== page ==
There’s a comforting old saw that, to me, deserves to go the way of the myth of unconditional love: Your pet “will tell you when it’s time.”
Frankie has dementia and he’s blind but he’s fairly healthy. He lets me know when he wants to go outside to relieve himself but he can’t always find his water bowl without my help. He’s sometimes affectionate but he’s no longer aware when other people enter the house; his days of barking to “protect” me are long passed.
So what exactly is Frankie telling me? If anything, he’s sending me mixed messages, ones that I can’t decode.
It’s tough enough to watch your pet’s aging and illness; the last thing you need is the burden of trying to read the tea leaves to determine whether your pet wants to leave this world. Consider the natural language barriers — even those of us who have become reasonably familiar with dog signals can’t always understand the special dialects — and the fact that animals often hide their pain.
Not every pet “will tell you when its time” — and not every owner will be able to listen. Many of us need the help of a human who is an expert in this arena.
What Exactly Is a Hospice Vet?
Last week I did an interview with Dr. Janet Tobiassen-Crosby for About.com Veterinary Medicine; it was posted Monday as Hospice Help: Guidance for Knowing When It’s Time to Say Good-Bye. I was thrilled to have the opportunity to talk about my experience on a widely read forum; I’ve gotten quite evangelical on this topic.
There are a few things I’d like to add.
- You don’t send your pet away with animal hospice. The term “hospice” for humans often means going to a separate facility to get medical care for a terminal illness, though home care is also an alternative. In animal hospice, your pet almost always remains at home getting care from their people with the help of a veterinary professional or professionals.
- So called “euthanasia vets” often deal with life as well as death. Many of us are aware that there are veterinarians who will come to your home to perform euthanasia so your pet can pass peacefully in familiar surroundings — in some cases, it’s your regular vet — but there is very little information about practitioners who also have an even more important role: as life counselors. In many cases, after a consult with a hospice vet, owners will learn that they have more time to spend with their pets as long as a pain- or stress-relief program is created. In other cases, such as mine, owners discover that they need to let go.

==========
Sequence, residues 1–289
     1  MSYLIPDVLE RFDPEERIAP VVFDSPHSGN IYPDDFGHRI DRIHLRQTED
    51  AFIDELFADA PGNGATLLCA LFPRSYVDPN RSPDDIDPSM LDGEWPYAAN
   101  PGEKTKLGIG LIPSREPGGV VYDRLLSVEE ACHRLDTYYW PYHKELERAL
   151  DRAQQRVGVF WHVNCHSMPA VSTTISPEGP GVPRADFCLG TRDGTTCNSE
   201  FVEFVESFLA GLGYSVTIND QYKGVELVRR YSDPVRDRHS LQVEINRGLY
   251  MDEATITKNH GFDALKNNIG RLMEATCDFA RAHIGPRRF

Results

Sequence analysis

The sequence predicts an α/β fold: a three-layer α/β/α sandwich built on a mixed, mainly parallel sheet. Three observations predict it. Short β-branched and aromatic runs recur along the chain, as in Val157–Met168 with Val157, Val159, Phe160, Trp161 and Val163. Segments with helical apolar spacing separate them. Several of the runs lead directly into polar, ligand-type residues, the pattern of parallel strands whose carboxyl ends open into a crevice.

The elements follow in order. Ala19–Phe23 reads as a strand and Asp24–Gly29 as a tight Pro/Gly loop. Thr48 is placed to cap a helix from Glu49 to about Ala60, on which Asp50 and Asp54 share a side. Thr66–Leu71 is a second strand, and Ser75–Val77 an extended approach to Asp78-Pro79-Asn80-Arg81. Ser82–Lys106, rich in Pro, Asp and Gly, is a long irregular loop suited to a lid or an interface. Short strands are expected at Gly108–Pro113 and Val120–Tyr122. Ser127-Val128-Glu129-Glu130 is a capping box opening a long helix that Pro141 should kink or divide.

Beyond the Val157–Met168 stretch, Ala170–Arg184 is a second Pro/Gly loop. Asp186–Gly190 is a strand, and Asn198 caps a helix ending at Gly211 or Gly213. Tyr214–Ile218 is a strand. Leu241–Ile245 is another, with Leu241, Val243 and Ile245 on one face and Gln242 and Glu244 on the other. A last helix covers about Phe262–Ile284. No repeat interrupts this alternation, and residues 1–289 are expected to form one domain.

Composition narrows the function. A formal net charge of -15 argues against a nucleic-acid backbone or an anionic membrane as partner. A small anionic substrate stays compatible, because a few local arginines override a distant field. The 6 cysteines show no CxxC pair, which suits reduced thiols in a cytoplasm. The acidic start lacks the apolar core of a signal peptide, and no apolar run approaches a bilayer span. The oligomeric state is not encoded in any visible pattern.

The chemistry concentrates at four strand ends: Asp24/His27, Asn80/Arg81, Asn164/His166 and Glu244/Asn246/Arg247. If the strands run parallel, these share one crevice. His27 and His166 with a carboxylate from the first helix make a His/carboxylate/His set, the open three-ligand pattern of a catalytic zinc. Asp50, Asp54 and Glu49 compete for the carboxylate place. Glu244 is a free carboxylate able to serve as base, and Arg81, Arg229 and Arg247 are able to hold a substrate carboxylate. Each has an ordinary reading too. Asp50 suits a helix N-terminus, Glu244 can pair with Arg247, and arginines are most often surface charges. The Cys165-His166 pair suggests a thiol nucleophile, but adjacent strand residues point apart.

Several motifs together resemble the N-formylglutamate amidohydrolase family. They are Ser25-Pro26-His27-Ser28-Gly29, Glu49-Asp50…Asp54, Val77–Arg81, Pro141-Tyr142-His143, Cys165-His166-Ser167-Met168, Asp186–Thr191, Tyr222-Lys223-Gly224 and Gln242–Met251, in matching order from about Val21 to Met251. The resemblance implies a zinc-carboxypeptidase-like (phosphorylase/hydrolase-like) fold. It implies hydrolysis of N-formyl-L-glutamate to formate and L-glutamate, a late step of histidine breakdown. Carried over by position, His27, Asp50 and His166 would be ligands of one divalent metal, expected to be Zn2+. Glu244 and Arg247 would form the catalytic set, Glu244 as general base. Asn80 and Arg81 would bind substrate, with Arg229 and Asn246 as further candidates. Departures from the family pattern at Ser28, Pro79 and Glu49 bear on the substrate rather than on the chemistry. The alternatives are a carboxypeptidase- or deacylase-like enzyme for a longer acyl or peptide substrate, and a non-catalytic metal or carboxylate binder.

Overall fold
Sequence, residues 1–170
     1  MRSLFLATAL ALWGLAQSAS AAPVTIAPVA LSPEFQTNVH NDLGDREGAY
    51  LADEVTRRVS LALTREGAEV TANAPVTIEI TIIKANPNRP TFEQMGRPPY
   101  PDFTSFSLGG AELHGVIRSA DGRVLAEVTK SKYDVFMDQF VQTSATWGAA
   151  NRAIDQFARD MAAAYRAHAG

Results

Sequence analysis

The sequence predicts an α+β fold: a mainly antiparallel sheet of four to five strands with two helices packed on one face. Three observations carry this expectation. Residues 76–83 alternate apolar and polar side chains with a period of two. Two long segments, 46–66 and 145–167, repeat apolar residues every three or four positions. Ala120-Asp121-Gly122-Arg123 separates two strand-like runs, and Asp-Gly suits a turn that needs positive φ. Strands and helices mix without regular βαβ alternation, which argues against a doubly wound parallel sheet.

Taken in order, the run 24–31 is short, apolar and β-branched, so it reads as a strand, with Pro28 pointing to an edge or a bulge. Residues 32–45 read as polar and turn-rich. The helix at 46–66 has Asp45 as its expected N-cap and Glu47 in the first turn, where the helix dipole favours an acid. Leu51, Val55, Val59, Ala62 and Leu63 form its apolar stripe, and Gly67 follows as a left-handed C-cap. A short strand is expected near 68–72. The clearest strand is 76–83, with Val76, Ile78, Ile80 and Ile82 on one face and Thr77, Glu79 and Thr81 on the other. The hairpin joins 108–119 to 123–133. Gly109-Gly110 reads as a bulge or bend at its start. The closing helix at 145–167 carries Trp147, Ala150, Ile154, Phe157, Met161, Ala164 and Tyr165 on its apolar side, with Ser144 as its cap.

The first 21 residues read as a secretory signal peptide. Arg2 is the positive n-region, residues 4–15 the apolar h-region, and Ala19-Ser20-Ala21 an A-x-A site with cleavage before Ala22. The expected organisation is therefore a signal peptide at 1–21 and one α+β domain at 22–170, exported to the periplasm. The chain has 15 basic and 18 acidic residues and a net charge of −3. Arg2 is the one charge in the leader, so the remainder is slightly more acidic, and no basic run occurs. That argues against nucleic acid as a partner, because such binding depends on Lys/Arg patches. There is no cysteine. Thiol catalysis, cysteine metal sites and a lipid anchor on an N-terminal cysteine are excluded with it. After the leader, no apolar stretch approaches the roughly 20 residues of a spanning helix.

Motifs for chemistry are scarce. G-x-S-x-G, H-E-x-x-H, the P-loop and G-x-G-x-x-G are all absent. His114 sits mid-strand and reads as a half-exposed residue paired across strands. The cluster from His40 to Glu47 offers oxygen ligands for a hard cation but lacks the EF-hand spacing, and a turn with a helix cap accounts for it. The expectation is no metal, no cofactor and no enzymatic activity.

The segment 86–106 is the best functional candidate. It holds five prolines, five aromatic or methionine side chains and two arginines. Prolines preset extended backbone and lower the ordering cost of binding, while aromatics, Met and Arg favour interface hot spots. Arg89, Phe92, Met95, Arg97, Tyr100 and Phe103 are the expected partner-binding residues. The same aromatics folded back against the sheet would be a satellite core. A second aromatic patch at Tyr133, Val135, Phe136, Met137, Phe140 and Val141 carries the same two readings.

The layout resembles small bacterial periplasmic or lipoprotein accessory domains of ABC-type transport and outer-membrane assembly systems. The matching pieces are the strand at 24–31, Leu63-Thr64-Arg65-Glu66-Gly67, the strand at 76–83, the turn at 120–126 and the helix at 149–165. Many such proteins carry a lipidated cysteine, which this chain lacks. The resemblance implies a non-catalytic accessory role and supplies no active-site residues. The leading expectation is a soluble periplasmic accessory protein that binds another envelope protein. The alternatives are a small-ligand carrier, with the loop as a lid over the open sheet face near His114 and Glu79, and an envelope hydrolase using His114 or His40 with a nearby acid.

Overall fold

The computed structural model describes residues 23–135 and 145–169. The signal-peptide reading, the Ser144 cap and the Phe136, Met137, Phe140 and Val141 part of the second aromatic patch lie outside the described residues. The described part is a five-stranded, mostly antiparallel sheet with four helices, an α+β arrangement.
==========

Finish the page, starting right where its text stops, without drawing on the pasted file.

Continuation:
This discovery made me very very sad — and it was a huge relief to no longer spend my time trying to figure out what to do. In case I missed the point of what she was saying — “he seems to be frightened and confused much of the time; he’s not aware of his surroundings” — my vet, Dr. Sheila Kirt of Home At Last, was specific: “I probably would have said good-bye by now.”
I believe Dr. Kirt saw Frankie at his worst — more out of it than usual because we awoke him from a deep sleep — so, although that statement gave me a few guilt pangs, I don’t feel like I have subjected Frankie to undue distress (and now I’m devoting several weeks to making up for any discomfort I might have allowed him to experience). At the same time, I heard her message, loud and clear, and not from Frankie: “It’s time.”
Where Do You Find Such a Vet?
As I said in my interview with About.com, I found Dr. Kirt through a friend who had used her services and recommended them highly. I asked her how other people find her and she said, “Like you did: Word of mouth. Often, vets recommend me.”
There is an organization called the International Association of Animal Hospice Care and Palliative Care that lists some individual veterinarians with this type of practice (though not Dr. Kirt’s). I found the description of hospice on the site rather confusing: it does not make clear that your pet stays at home and it makes it sound like you have to hire an entire team of veterinarians — which could be very expensive. I don’t know what the actual cost of a palliative care program is; I haven’t investigated it. I paid a one-time consultation fee of $150 for a home observation and examination — money that couldn’t have been better spent. Forgive me if I sound like an American Express commercial but “Peace of mind? Priceless.”
So I would suggest you ask your vet and look on the internet — and then get a personal referral in addition. You do not want a person in your house who is not good at this. You want someone who is kind but firm, who picks up on and respects your beliefs (in my case, my loathing of the Rainbow Bridge; of course it helps that I sent her my post on the topic in advance) but does not let them interfere with common sense — or the laws of the land.
Someone who confirms that your pet is adorable but does not let that deter her in advising you to let him go.
Update: I wrote here about what was right for me; many others have had different experiences. See Your Turn: How Did You Know When “It Was Time”?